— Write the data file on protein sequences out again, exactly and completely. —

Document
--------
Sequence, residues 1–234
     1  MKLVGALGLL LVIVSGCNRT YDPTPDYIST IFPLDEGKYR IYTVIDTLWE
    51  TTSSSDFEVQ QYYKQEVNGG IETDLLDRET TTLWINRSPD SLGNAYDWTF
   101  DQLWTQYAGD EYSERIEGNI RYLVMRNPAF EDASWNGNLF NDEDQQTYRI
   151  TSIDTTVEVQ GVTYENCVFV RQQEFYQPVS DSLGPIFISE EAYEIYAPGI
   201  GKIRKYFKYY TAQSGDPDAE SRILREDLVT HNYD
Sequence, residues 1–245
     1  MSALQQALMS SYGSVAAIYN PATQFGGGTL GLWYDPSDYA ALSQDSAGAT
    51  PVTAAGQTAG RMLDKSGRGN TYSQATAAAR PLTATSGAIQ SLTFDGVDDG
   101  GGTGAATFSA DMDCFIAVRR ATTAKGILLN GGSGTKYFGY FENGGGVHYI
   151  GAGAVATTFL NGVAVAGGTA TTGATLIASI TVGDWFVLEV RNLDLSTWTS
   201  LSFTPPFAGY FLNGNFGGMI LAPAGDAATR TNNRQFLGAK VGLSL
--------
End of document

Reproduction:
Sequence, residues 1–234
     1  MKLVGALGLL LVIVSGCNRT YDPTPDYIST IFPLDEGKYR IYTVIDTLWE
    51  TTSSSDFEVQ QYYKQEVNGG IETDLLDRET TTLWINRSPD SLGNAYDWTF
   101  DQLWTQYAGD EYSERIEGNI RYLVMRNPAF EDASWNGNLF NDEDQQTYRI
   151  TSIDTTVEVQ GVTYENCVFV RQQEFYQPVS DSLGPIFISE EAYEIYAPGI
   201  GKIRKYFKYY TAQSGDPDAE SRILREDLVT HNYD
Sequence, residues 1–245
     1  MSALQQALMS SYGSVAAIYN PATQFGGGTL GLWYDPSDYA ALSQDSAGAT
    51  PVTAAGQTAG RMLDKSGRGN TYSQATAAAR PLTATSGAIQ SLTFDGVDDG
   101  GGTGAATFSA DMDCFIAVRR ATTAKGILLN GGSGTKYFGY FENGGGVHYI
   151  GAGAVATTFL NGVAVAGGTA TTGATLIASI TVGDWFVLEV RNLDLSTWTS
   201  LSFTPPFAGY FLNGNFGGMI LAPAGDAATR TNNRQFLGAK VGLSL